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Employment Equity Act: How the changes will affect the way you run your business
Despite the outrage that the new Employment Equity Act has caused for emphasising race appointments and top-heavy fines, it has been recognised for encouraging compliance with transformation.
The 25th of July 2014 saw the gazetting of the effective date of the amended Employment Equity Act, mere days before its implementation date of 1 August 2014.
The Department of Labour amended the Act making provisions for compliance and placing punitive measures on companies that do not comply.
So what’s changed?
- Extension of the scope of discrimination to include “any other arbitrary ground”.
In the past the grounds for discrimination were limited to issues such as age, race, gender, etc. Whilst this was not an exhaustive list, the extension bars unfair discrimination on any arbitrary ground.
- Equal treatment included.
It is important to note that the concept goes beyond “equal work for equal pay” and is all encompassing. This means that unless you have justification for differential treatment on the grounds listed, you will be in breach of the Act.
In the new proposed Labour Relations Bill it calls for equal treatment between your perm staff and your TES, fixed term or part-time staff earning below the threshold (R205 433.30 per annum) and after 3 months service unless you have a justifiable reason for differential treatment.
What the Act is trying to do, amongst others, is to prevent arbitrariness and provide clarity of pay differentials.
There must be a fair ground for differentiation in payment
- Psychometric tests are to be certified by HPCSA or a similar body.
This has proven to be the change that has caused the least debate amongst the social partners. By inserting this definition we move away from the current grey definition which often leads to unfair practices.
- Greater CCMA oversight.
The Commission for Conciliation, Mediation and Arbitration (CCMA) will now have increased arbitration powers for sexual harassment disputes (which falls under discrimination) or unfair discrimination on remuneration discrepancies.
Disputes were previously heard by the Labour Court. Section 10 of the EEA is radically changed by the insertion of subsection 6(aA).
In addition, employees earning below the threshold of section 6(3) of the BCEA will now have the right to refer any other dispute to arbitration in the CCMA instead of the Labour Court.
A new subsection 8 provides that an unhappy respondent may then appeal to the Labour Court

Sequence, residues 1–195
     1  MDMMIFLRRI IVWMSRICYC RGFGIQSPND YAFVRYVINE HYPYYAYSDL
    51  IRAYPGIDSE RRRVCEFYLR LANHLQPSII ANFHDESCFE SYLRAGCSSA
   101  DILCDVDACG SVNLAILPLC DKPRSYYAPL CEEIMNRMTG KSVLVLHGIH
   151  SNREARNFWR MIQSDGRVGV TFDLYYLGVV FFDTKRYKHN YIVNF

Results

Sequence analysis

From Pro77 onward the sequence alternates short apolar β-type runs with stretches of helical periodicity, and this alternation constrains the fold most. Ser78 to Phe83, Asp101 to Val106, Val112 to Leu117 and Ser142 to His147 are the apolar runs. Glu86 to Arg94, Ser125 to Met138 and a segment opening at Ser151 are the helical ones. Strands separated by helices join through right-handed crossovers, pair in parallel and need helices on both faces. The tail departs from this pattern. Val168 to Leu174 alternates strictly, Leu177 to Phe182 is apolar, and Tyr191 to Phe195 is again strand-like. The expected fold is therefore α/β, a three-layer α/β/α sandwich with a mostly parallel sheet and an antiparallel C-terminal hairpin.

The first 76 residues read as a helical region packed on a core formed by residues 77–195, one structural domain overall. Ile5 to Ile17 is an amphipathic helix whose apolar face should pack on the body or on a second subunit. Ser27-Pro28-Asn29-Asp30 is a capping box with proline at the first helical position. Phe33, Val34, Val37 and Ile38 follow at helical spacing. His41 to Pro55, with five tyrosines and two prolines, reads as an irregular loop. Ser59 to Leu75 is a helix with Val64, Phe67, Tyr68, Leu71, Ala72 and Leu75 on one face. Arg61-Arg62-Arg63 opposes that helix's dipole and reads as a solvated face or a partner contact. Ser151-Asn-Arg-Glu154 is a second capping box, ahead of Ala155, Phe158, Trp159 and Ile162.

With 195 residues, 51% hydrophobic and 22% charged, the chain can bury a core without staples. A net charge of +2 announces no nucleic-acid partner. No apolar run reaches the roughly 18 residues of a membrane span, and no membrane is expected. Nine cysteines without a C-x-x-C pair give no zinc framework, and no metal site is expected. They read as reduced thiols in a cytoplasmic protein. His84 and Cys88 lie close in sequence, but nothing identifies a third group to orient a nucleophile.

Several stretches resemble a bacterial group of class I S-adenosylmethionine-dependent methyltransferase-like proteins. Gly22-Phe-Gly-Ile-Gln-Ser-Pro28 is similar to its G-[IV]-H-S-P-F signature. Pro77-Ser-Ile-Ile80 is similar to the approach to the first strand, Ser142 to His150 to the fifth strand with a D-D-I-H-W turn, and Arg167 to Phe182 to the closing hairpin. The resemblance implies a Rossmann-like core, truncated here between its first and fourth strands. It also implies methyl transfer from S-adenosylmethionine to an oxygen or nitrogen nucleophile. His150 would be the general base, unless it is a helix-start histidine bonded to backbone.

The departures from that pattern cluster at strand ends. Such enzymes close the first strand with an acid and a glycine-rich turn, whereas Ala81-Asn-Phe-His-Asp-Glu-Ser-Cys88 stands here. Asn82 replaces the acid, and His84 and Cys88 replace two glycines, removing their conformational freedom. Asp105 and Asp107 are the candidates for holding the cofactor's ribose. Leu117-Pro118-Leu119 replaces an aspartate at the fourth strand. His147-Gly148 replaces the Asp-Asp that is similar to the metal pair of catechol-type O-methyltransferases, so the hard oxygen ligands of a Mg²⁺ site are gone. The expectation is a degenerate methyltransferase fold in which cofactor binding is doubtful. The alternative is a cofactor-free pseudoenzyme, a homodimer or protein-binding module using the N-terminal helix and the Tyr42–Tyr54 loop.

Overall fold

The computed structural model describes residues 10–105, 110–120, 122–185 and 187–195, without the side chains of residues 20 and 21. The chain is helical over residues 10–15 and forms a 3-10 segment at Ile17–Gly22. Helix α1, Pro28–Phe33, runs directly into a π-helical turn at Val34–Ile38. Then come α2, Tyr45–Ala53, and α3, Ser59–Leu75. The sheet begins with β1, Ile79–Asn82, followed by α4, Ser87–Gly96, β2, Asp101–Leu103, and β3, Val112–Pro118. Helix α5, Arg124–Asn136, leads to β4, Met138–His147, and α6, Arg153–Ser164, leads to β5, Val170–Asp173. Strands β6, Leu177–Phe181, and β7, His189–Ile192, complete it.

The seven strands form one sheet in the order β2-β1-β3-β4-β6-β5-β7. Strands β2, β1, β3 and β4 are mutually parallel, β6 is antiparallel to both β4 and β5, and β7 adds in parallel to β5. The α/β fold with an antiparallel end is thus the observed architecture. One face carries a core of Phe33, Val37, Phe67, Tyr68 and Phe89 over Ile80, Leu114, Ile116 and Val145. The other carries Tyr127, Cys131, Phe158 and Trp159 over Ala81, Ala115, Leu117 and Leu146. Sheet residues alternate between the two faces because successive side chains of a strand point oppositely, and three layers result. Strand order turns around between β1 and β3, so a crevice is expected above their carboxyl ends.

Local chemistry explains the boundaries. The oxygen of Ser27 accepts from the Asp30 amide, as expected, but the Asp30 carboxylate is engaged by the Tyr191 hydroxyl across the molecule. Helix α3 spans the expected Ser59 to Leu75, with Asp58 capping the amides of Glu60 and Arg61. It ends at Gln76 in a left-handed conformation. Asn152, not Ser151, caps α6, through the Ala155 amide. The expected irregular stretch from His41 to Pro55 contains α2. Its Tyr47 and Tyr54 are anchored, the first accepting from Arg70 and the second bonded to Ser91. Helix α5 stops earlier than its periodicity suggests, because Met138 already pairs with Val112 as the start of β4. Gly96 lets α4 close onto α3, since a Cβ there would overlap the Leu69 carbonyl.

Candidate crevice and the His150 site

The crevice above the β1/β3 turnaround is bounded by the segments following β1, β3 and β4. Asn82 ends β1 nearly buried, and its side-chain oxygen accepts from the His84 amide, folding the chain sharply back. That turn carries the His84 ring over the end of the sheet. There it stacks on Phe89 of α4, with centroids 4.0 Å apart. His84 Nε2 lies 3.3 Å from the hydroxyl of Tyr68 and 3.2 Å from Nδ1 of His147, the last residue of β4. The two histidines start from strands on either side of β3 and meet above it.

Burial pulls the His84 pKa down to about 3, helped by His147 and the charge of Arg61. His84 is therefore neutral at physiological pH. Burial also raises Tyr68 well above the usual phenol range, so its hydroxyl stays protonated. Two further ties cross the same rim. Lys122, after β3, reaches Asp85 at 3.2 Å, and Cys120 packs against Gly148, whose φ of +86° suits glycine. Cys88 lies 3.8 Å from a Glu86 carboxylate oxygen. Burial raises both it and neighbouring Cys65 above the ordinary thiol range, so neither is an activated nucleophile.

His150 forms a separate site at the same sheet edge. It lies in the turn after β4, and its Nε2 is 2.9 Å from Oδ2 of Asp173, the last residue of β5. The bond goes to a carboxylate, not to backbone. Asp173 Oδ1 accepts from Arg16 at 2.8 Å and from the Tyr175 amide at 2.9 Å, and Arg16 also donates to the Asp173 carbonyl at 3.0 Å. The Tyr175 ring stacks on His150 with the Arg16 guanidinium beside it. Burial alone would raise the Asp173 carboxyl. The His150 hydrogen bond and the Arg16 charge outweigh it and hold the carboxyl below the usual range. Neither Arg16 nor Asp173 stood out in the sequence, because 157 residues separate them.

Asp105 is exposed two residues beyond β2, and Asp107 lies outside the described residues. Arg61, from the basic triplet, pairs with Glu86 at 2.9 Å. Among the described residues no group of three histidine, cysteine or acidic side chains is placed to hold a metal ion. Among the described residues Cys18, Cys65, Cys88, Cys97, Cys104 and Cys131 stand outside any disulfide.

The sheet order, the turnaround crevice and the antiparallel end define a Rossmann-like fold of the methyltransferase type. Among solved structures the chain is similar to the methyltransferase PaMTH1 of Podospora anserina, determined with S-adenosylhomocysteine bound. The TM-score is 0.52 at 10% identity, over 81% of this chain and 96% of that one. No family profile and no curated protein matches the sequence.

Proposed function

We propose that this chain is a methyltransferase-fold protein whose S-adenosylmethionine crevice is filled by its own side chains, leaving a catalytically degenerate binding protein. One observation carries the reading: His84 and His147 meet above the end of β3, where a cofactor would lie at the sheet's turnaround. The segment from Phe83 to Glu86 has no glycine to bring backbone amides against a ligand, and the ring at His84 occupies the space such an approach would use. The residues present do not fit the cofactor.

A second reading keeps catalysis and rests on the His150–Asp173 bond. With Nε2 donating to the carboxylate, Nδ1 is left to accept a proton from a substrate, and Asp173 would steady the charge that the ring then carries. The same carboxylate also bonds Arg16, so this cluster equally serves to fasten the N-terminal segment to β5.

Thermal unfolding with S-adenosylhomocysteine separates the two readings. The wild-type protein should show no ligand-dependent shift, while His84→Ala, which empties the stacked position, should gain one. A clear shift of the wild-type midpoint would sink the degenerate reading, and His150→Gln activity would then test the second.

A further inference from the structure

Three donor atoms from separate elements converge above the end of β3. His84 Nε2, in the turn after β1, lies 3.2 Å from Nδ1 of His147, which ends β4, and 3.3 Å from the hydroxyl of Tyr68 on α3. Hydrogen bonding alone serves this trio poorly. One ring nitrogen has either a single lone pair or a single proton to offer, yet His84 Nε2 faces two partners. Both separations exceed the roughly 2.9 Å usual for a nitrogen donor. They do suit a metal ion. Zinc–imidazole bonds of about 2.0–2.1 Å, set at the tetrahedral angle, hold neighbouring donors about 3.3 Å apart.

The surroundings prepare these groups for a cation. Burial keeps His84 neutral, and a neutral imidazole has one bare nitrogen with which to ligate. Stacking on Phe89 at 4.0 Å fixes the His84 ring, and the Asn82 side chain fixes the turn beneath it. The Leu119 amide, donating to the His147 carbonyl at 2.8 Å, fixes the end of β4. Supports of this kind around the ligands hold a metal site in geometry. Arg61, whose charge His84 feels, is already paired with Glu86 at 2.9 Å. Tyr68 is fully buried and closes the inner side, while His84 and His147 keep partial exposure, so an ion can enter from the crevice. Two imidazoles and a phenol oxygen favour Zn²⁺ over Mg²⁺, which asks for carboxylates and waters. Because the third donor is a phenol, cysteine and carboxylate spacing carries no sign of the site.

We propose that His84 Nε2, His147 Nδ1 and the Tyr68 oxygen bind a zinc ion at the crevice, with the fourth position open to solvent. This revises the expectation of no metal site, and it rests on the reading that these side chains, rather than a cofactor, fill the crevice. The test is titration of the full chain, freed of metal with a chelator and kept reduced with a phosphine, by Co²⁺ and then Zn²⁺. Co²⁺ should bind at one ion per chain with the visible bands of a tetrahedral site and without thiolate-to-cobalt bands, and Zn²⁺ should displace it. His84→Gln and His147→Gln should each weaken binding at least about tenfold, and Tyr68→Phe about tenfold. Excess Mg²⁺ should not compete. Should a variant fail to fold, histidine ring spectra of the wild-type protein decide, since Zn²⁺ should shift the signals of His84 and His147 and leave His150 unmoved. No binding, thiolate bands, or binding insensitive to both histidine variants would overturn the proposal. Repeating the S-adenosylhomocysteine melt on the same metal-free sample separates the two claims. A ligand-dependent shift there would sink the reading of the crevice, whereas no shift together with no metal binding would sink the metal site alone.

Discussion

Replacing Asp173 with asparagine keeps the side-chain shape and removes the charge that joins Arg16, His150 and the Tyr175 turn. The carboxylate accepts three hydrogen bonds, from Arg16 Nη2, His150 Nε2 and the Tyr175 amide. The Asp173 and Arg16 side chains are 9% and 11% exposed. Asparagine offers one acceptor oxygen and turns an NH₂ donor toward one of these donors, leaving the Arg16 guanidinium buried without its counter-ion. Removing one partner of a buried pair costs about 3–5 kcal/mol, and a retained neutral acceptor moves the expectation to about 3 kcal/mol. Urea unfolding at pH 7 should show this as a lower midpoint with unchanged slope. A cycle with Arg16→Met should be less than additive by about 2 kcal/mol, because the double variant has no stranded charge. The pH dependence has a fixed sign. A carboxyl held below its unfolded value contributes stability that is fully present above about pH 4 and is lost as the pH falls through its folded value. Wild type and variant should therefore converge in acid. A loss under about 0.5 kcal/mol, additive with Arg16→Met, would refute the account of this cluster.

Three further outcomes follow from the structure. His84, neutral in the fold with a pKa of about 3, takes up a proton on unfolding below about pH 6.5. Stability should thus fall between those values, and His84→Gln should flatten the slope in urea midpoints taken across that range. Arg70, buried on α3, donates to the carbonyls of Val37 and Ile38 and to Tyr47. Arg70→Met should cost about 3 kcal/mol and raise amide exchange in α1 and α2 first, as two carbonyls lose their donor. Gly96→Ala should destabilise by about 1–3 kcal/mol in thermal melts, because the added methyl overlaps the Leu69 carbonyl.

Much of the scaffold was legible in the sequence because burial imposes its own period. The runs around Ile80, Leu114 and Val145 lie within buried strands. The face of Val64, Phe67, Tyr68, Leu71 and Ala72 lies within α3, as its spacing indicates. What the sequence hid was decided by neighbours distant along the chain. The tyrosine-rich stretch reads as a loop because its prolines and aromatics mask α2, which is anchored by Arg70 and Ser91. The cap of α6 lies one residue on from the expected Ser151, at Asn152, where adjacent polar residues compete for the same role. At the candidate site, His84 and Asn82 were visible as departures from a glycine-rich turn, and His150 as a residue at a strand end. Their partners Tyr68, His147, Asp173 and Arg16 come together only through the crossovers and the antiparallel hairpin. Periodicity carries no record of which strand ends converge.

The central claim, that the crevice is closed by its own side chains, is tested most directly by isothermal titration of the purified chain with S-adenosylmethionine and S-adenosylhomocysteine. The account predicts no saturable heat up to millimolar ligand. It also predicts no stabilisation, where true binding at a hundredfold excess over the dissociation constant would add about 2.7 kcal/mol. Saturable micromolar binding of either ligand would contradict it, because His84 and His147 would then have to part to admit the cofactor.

This also raises the question of whether damages will be claimable in the CCMA
- The burden of proof in discrimination cases has changed.
The onus now shifting to employers to prove that discrimination did not take place and, if it did, that it was fair. Under the previous clause the employee bears the burden the proof of showing discrimination and the employer must then establish that it is fair.
The new clause is aligned with the burden of proof in terms of section 13 of the Promotion of Equality and Prevention of Unfair Discrimination Act.
- Reporting Periods
This particular change will inevitably place an administrative burden on small business who previously only needed to report every alternate year.
Section 21 deals with reporting, is amended by deleting the distinction between designated employers with 150 employees and less and substituted with a new clause requiring all designated employers to submit its first report within 12 months after commencement of the EEA or, if later, within 12 months after the date on which that employer became a designated employer.
Thereafter all designated employers must submit a report once every year, not once every two years, on the first working day of October or on such other date as may be prescribed.
- Increase of fines.
There will be a variety of fines ranging from 2% – 10% of turnover with alternative rand values should they be greater than a fine based on turnover, or for certain offences. Whilst non–compliance is not condoned, what is concerning is that discretion is given to labour inspectors in terms of their assessment of compliance.
Employment Equity compliance
All organisations with 50 or more employees need to comply with the Act. Organisations with fewer than 50 employees might also need to comply with the Act, depending on the annual turnover for the specific industry as tabled below.
Not complying with the Act could land your organisation with a fine from the Department of Labour who conduct random inspections regularly.
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